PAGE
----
Welcome to Asset Allocator, FT Specialist's newsletter for wealth managers, fund selectors and DFMs. We know you're bombarded with information, so each day we'll be sifting through the mass to bring you what you need to know, backed up by exclusive data and research.
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Another significant manager move yesterday as Japan veteran Andrew Rose called time on a 40-year career. The Schroders manager is a big fish in a small pond: his funds account for 7 per cent of all DFM Japan picks in our database. But his departure is unlikely to affect the structural case for (or against) Japanese allocations.
Those allocations average out at 4.5 per cent for the typical Balanced portfolio. That's still pretty minimal, and as the cross-section of individual exposures below suggests, there isn't too much variation from the mean.
But while old habits may die hard for some fund selectors - Japanese equities are still pretty volatile, and Abenomics hasn't yet entirely wiped memories of past travails - the general view is more enthusiastic than the chart would suggest.
This is in large part a valuation story. Take PortfolioMetrix, which has a decent allocation to Japan in large part because of the relative value case.
That case is never static, of course. Hawksmoor is one firm with a particularly hefty allocation to the region, but its managers' heads have been turned by other countries more recently.
Japan has been offering value versus the US in particular, but also Europe, while we have shied away from Brexit risk. But the pendulum is swinging, [albeit] not towards the states, which still looks pricey to us. We still have managers who can find plenty of value in Japan, but the shake-out in Q4 has delivered some nice pockets of value elsewhere.
And yet, while managers are starting to think more carefully about the US, and turn more negative on Europe, it's still hard to find DFMs with a particularly negative view on Japan. Even some of those at the left hand side of the chart are more positive than you might think: Beaufort IM has just 2 per cent in the country's stocks in its Balanced portfolio, but it describes the asset class as its "most favoured" and has been adding exposure to other risk models in recent months.
Peak pessimism for the UK?
The Japanese market’s forward PE ratio for 2019 currently stands at 12.2 - as far as developed markets go, that’s rivalled only by the UK.
Of course, UK equities aren't ranked anywhere near Japan in most global investors’ list of current opportunities. The B word continues to linger, after all. But there are signs that the valuation case is starting to attract more interest, and not only on the income front.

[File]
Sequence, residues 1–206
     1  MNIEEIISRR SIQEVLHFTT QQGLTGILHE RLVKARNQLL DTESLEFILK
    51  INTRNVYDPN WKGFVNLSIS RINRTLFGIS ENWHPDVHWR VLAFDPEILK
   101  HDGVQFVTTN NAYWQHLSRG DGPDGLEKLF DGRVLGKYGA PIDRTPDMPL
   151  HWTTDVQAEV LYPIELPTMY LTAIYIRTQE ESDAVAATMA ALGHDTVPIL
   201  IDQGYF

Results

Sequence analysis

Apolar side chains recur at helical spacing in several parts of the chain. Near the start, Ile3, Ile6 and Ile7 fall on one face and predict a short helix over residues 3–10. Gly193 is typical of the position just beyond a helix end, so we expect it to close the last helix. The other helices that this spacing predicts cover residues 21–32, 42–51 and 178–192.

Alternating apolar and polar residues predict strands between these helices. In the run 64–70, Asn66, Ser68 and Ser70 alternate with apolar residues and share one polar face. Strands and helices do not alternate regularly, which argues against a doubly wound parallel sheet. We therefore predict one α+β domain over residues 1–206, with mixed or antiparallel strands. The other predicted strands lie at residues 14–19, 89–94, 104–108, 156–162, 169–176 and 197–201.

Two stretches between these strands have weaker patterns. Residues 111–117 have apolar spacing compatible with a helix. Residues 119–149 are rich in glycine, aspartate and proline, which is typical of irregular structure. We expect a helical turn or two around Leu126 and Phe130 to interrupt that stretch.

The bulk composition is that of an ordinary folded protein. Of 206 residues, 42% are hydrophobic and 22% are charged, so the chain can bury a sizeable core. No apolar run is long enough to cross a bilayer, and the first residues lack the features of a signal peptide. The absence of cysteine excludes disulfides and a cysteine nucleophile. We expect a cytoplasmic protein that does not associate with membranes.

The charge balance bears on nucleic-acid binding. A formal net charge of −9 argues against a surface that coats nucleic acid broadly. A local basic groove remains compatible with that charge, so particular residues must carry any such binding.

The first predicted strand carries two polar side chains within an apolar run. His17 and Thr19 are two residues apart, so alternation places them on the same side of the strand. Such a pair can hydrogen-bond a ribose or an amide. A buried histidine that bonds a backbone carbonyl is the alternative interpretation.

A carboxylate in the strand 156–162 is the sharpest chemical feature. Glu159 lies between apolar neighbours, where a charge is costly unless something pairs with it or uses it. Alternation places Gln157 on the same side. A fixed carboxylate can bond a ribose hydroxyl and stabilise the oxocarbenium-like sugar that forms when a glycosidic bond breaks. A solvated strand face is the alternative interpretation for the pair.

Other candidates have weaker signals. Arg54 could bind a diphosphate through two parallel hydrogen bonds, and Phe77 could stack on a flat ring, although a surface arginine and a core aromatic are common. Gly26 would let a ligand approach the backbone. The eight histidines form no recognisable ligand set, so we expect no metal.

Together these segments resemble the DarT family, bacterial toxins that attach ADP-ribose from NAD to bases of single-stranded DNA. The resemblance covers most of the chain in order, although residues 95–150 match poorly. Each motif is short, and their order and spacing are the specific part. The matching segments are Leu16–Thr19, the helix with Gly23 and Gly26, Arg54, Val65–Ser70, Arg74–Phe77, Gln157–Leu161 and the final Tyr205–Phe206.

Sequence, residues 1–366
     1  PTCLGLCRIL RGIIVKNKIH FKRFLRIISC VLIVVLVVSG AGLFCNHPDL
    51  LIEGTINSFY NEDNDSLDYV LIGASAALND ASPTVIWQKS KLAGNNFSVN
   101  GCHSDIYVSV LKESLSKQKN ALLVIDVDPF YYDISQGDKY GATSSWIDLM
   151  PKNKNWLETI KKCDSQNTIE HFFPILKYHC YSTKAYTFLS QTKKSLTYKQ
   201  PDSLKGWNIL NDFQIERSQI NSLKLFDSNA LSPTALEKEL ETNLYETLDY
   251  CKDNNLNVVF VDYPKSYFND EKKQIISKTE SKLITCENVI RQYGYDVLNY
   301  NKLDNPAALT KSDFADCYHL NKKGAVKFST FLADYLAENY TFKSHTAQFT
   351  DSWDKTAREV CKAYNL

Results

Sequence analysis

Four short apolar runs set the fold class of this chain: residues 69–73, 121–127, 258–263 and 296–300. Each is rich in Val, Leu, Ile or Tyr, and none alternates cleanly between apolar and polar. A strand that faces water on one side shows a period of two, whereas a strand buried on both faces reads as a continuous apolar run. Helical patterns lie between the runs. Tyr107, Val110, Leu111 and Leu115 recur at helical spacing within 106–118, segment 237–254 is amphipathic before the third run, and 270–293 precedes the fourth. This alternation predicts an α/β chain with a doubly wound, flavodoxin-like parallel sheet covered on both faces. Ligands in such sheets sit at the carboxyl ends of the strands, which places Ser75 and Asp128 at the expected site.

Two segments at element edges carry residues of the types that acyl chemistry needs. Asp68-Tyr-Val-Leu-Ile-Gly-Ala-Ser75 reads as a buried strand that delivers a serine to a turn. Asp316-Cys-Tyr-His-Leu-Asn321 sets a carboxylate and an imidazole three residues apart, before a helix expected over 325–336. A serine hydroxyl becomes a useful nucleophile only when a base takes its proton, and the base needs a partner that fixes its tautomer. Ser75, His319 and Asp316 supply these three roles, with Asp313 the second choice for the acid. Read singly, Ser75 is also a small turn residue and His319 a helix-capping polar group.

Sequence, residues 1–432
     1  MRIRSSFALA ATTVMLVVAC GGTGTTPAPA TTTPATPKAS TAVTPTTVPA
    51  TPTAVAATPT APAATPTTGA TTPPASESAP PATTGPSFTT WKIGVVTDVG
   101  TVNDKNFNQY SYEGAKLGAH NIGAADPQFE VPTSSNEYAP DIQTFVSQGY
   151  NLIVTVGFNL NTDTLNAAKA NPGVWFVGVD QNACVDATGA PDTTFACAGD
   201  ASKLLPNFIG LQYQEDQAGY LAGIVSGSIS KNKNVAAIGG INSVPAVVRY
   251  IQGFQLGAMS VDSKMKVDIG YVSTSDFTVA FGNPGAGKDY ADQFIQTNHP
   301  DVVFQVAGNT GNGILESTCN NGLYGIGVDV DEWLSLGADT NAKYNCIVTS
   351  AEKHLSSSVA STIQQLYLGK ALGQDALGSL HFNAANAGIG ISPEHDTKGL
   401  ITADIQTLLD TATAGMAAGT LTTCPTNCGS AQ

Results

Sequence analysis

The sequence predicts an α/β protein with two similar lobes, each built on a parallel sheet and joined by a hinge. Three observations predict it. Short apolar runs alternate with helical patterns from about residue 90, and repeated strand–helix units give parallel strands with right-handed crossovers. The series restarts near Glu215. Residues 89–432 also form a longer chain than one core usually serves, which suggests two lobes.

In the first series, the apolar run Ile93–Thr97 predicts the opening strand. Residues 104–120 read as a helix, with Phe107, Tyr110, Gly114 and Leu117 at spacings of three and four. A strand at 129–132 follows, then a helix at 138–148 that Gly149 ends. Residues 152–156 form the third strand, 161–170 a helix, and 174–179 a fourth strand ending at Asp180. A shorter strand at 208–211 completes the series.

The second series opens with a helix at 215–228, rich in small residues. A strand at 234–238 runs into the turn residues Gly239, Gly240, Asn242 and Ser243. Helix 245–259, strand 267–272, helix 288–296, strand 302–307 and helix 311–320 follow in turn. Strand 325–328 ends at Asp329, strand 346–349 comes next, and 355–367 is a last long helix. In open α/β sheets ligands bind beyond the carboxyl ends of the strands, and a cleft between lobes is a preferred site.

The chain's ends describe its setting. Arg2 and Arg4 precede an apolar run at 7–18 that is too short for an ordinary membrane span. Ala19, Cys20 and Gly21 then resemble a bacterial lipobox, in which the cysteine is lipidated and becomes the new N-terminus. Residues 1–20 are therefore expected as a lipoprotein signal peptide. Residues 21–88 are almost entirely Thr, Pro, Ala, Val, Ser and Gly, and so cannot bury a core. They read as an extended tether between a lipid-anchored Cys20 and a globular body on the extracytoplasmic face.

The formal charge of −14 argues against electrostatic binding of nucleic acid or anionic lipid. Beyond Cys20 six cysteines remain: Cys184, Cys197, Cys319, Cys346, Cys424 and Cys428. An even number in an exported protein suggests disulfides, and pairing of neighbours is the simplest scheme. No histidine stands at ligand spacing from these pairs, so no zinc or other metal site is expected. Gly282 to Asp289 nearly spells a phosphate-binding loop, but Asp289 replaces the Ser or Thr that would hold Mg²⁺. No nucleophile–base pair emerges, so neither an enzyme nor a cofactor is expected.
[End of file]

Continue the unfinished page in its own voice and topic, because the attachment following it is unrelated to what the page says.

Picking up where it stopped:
Our own analysis has shown that wealth managers are starting to warm to the valuations now on offer - or, at least, use recent falls as an opportunity to top up rather than let positions slide.
Figures from the Investment Association also indicate an easing of selling activity. More specifically, they show the two best periods for UK growth fund flows over the past year were October and December - the most volatile months of 2018.
That makes some kind of sense: having consistently sold down UK equities over the past couple of years, it's logical that investors take profits elsewhere when markets take a turn for the worse. UK outflows for these two months averaged £56m - well below the £322m average for the year as a whole.
This may look a thin straw to clutch, particularly prior to March 29: akin to when characters in US sitcom Arrested Development cheered the family business being upgraded from "triple sell" to "don't buy". But perhaps UK equities, too, have finally moved away from sell sell sell to something a little less disastrous.
Last man standing
We end the week with a u-turn of sorts. Last month we said the postponement of Aberdeen's sustainable trust launch might underline the old saw that sustainable investment interest withers away in tougher markets. It's only fair to point out some evidence to the contrary.
Data from Broadridge shows ESG fund flows across Europe fell by 15 per cent last year - not brilliant, but well below the 99 per cent drop suffered by the wider funds universe amid uncertain markets.
Add to that shorter-term IA data showing that retail sales of ethical funds stood at £162m during a dark December - a year-on-year increase and the second highest monthly figure of the year - and a picture of resilient demand begins to form.
In that context, the trust may be more a victim of what Broadridge describes as “a big bandwagon of 'me too' fund launches” than anything more structural.